US5573673A (en) * 1994-05-06 1996-11-12 Agency Of Industrial Science And Technology Hydrous composite cerium-phosphorus oxide for immobilization of strontium ions in solution
US6524756B1 (en) 1996-10-31 2003-02-25 Canyon Materials, Inc. Gray scale all-glass photomasks
US6562523B1 (en) 1996-10-31 2003-05-13 Canyon Materials, Inc. Direct write all-glass photomask blanks
US9337610B2 (en) * 2013-06-27 2016-05-10 Metastable Instruments, Inc. Laser damage resistant optical components for alkali vapor laser cells

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US2283172A (en) * 1937-10-23 1942-05-19 Houdry Process Corp Zeolites and their treatment
US2213530A (en) * 1939-10-27 1940-09-03 Investo Company Fluid treating composition and method of making same
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Cited By (23)

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Publication number Priority date Publication date Assignee Title
US3147225A (en) * 1958-01-30 1964-09-01 Minnesota Mining & Mfg Radioactive sources and method for making
US3114692A (en) * 1961-04-27 1963-12-17 Corning Glass Works Separation process
US3198641A (en) * 1961-10-19 1965-08-03 Cataphote Corp Composition for making high index beads
US3262885A (en) * 1964-04-08 1966-07-26 Peter R Rushbrook Fission-products-containing composition and process of making
US3337306A (en) * 1964-07-27 1967-08-22 Monte H Rowell Extraction of fused salts of europium and neodymium using a molten borate ion-exchanger
US3522187A (en) * 1965-01-28 1970-07-28 Kurt A Kraus Hydrous oxide cation exchangers
US3332884A (en) * 1965-04-02 1967-07-25 John J Kelmar Disposal of radioactive waste using coal waste slag
US3615758A (en) * 1967-06-22 1971-10-26 English Electric Co Ltd Devitrifiable glasses and to glass-ceramics
US4023951A (en) * 1974-09-25 1977-05-17 Imperial Chemical Industries Limited Treatment of glass
US4224177A (en) * 1978-03-09 1980-09-23 Pedro B. Macedo Fixation of radioactive materials in a glass matrix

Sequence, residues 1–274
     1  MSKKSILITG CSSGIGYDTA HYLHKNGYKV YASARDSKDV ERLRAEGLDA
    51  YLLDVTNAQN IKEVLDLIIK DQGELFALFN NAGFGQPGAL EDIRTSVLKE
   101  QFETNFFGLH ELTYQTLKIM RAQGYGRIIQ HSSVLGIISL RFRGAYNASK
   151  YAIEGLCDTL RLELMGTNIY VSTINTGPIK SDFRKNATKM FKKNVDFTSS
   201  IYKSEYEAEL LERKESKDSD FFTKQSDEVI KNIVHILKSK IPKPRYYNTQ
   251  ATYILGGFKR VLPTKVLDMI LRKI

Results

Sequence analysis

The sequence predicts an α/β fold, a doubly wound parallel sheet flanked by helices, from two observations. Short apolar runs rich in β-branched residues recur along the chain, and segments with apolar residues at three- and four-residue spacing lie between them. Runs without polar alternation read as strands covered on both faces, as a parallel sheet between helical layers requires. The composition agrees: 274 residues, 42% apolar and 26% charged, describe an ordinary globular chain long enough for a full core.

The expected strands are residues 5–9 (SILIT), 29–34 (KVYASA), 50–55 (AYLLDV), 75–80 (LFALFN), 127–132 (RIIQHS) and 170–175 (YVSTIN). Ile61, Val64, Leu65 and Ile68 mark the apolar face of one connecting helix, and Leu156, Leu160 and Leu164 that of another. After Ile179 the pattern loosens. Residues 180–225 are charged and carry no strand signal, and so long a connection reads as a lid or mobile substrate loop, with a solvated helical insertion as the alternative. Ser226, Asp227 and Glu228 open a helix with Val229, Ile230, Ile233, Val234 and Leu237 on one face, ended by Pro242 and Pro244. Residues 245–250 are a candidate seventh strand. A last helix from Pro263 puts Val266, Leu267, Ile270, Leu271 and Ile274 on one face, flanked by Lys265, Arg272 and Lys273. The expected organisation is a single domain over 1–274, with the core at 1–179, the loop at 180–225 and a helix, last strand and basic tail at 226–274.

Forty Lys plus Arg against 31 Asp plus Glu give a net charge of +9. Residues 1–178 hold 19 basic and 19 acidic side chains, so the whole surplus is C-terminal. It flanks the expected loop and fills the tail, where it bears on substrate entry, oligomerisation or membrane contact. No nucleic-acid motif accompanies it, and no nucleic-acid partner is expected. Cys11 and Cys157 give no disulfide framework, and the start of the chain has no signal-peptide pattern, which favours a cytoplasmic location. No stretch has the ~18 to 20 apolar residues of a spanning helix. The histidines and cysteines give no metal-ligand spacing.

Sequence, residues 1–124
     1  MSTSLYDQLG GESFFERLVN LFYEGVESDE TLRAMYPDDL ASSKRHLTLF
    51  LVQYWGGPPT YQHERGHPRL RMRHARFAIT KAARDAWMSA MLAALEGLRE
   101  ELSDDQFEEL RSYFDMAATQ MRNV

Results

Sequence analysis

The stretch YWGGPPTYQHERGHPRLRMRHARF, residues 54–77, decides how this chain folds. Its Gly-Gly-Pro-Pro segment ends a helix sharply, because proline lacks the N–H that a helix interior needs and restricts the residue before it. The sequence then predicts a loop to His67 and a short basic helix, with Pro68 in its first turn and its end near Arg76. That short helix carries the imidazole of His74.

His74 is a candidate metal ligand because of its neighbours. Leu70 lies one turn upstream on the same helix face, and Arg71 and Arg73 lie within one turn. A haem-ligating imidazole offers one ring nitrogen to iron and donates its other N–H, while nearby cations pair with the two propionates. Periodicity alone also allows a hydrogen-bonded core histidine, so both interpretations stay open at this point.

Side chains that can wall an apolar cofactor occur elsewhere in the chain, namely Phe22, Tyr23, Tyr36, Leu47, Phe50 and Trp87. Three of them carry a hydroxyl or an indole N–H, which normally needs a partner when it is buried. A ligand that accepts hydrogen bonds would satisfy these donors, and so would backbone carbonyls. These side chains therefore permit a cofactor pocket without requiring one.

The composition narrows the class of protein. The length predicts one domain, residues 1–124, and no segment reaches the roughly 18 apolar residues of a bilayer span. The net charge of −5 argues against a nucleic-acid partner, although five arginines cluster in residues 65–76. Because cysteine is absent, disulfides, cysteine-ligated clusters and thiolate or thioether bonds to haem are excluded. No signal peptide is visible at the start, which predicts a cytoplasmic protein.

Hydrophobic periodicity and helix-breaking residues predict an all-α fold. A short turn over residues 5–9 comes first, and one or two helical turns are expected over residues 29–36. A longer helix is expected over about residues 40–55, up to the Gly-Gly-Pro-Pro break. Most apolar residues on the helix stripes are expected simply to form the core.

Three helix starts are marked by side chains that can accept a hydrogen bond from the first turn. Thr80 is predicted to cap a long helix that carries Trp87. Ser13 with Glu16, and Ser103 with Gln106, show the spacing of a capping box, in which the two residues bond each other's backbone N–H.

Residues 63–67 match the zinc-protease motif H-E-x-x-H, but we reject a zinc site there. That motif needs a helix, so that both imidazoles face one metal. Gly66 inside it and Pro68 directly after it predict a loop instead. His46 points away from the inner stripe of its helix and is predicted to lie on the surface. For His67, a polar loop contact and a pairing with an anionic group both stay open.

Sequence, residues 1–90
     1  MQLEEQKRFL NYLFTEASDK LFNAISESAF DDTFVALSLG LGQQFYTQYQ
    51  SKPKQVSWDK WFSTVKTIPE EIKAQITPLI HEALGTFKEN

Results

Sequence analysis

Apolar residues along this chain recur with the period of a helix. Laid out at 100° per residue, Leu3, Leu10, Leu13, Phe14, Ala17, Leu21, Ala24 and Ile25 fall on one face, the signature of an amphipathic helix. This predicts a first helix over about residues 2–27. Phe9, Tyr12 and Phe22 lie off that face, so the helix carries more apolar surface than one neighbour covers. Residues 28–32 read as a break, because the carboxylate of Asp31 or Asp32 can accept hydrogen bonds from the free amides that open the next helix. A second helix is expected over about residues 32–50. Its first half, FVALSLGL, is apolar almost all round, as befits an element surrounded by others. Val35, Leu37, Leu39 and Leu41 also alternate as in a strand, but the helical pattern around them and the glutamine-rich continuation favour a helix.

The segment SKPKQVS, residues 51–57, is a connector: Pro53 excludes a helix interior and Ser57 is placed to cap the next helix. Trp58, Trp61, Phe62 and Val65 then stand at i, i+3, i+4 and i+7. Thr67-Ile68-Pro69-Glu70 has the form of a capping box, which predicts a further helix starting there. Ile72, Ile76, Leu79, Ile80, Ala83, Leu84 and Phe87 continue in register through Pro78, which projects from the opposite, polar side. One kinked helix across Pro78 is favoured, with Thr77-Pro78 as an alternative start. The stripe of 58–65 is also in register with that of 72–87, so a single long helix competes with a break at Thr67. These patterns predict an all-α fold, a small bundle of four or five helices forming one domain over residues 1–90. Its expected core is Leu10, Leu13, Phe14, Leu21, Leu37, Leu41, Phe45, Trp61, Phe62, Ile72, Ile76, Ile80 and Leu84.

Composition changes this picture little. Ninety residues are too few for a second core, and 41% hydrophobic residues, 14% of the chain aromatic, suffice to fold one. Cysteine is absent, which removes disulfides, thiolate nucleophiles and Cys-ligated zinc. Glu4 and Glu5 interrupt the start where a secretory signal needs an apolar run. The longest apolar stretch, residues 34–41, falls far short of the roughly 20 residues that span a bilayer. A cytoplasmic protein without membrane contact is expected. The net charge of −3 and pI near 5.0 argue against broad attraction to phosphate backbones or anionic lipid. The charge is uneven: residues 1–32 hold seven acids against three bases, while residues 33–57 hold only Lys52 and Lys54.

US4362659A (en) * 1978-03-09 1982-12-07 Pedro B. Macedo Fixation of radioactive materials in a glass matrix
US4670366A (en) * 1983-06-24 1987-06-02 Canyon Materials Research & Engineering High energy beam sensitive glasses
US4894303A (en) * 1983-06-24 1990-01-16 Canyon Materials Research & Engineering High energy beam-sensitive glasses
US4567104A (en) * 1983-06-24 1986-01-28 Canyon Materials Research & Engineering High energy beam colored glasses exhibiting insensitivity to actinic radiation
US4659512A (en) * 1983-12-21 1987-04-21 Pedro B. Macedo Fixation of dissolved metal species with a complexing agent
US4744973A (en) * 1985-11-29 1988-05-17 Westinghouse Electric Corp. Inorganic polymeric cationic ion exchange matrix
WO1988003915A1 (en) * 1986-11-20 1988-06-02 Litovitz, Theodore, Aaron Ion exchange compositions
US4902426A (en) * 1987-06-30 1990-02-20 Pedro B. Macedo Ion exchange compositions
US5573673A (en) * 1994-05-06 1996-11-12 Agency Of Industrial Science And Technology Hydrous composite cerium-phosphorus oxide for immobilization of strontium ions in solution
US6524756B1 (en) 1996-10-31 2003-02-25 Canyon Materials, Inc. Gray scale all-glass photomasks
US6562523B1 (en) 1996-10-31 2003-05-13 Canyon Materials, Inc. Direct write all-glass photomask blanks
US20050053844A1 (en) * 1996-10-31 2005-03-10 Canyon Materials, Inc. Gray scale all-glass photomasks
US9337610B2 (en) * 2013-06-27 2016-05-10 Metastable Instruments, Inc. Laser damage resistant optical components for alkali vapor laser cells